ANCHORAGE - A federal study has determined that dust from the huge Red Dog zinc mine in northwest Alaska causes little harm.
Researchers tested voles and small birds captured near the mine for toxic metals. The U.S. Geological Survey in cooperation with the National Park Service published the study this week.
The study found that metal-laden dust from the mine is not seriously harming small animals.
Ever since federal officials discovered large amounts of toxic metals on vegetation next to the mine's 52-mile road, they and the mine have been studying whether the dust that escapes from trucks using the road is causing biological harm.
The trucks daily carry zinc and lead concentrate from the open-pit mine - about 82 miles north of Kotzebue - to a Chukchi Sea port for smelter shipments.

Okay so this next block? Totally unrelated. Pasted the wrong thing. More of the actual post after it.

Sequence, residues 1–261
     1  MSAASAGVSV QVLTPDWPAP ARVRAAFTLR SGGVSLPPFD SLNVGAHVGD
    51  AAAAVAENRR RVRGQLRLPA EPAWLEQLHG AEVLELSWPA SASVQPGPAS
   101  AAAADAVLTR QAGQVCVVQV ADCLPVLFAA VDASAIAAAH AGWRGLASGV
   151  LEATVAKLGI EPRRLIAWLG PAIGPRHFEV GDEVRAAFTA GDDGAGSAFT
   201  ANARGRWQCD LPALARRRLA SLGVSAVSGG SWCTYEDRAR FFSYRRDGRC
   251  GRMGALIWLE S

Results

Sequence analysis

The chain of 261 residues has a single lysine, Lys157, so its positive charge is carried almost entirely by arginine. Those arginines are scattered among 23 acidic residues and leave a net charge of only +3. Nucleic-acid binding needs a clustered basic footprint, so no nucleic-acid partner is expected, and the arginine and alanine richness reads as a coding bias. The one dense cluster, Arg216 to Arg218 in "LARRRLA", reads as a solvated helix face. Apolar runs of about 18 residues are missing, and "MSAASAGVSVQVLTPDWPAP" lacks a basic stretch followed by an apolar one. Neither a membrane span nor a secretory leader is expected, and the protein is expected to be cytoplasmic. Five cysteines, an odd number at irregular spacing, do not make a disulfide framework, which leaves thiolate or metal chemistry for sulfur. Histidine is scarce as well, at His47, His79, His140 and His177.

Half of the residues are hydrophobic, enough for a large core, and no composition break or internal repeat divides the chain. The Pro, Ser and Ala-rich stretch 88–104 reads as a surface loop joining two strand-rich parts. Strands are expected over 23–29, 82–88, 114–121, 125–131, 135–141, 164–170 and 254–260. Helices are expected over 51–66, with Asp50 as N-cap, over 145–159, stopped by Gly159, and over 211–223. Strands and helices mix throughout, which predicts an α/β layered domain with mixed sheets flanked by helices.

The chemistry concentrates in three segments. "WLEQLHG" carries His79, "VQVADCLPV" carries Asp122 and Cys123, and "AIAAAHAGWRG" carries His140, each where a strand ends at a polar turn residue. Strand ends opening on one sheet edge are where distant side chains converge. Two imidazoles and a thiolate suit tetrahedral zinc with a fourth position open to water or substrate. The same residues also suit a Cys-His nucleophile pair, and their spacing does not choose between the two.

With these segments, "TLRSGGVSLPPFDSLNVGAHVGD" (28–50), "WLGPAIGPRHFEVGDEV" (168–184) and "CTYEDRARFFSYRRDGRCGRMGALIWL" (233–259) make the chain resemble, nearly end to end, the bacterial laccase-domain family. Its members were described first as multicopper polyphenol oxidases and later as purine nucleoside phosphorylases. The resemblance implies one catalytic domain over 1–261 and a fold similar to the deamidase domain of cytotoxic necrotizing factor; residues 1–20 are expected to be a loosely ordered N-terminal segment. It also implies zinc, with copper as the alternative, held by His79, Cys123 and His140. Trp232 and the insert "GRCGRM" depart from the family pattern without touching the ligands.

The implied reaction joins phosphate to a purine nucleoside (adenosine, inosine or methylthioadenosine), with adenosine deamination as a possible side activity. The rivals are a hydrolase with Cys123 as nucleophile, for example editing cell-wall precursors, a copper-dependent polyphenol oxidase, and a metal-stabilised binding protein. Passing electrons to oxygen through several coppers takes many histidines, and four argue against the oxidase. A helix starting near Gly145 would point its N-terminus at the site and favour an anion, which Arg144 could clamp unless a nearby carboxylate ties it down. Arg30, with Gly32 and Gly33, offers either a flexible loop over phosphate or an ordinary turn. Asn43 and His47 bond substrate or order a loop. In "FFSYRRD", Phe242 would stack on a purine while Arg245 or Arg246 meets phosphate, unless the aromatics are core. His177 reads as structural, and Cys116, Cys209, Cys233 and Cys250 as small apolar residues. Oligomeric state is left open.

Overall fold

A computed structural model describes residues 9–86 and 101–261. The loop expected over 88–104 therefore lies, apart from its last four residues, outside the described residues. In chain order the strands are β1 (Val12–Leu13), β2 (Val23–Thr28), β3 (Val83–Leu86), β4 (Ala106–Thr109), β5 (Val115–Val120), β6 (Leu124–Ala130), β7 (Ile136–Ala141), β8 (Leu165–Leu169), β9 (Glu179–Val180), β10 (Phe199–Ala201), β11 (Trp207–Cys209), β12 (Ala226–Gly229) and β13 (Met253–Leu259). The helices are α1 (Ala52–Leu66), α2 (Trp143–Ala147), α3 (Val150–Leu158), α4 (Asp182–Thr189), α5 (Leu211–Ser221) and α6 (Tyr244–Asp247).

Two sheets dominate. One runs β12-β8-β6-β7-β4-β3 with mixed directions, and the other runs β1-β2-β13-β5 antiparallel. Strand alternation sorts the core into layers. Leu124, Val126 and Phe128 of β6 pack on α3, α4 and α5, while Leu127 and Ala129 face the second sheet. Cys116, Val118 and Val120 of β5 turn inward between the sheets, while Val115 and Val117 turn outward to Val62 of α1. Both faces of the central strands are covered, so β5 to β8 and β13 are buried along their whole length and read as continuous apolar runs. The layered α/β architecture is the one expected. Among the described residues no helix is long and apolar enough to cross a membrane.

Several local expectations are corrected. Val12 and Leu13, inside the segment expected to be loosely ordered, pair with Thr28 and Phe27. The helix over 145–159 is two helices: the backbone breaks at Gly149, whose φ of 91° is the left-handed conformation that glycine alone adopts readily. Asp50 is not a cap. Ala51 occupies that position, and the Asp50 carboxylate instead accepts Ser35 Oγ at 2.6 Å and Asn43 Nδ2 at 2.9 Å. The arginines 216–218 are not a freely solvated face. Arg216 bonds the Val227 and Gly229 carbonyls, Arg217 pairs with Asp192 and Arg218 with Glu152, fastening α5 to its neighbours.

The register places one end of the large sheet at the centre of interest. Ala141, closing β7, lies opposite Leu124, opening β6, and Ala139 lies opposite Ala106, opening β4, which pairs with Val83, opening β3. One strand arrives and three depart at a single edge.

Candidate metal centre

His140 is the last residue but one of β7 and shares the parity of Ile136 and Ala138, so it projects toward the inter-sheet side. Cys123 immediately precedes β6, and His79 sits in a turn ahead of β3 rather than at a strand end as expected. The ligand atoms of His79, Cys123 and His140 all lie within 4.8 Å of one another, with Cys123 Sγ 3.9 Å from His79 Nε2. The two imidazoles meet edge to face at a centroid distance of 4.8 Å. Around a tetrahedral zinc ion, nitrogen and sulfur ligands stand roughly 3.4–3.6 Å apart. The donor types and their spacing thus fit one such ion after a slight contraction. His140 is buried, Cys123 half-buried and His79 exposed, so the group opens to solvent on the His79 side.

The road passes through the Cape Krusenstern National Monument for about 20 miles.
The USGS dissected sparrows, common redpolls and six voles in lab experiments and found no "clear evidence" of serious biological effects, even though lead concentrations in the blood and livers of the birds and voles were about 20 times higher than similar animals collected from a reference site nearly 40 miles southeast of the road.
The USGS study follows on a Red Dog study looking at the risks from dust emissions. The mine's study, published last year, said the metal concentrations in the dust weren't high enough to harm human subsistence food such as fish, caribou or berries, but the dust was damaging tundra plants and might be harming small animals living nearby.
The mine, working with state environmental regulators, is creating a risk-management plan for dust emissions that might lead to additional controls. The Park Service and the USGS also are both working on additional studies of the dust's impact on tundra vegetation.
"We'll continue to look at this information and see what else we can do," said Red Dog environmental superintendent Jim Kulas.
Red Dog is the largest mine in Alaska and is one of the world's largest zinc and lead producers.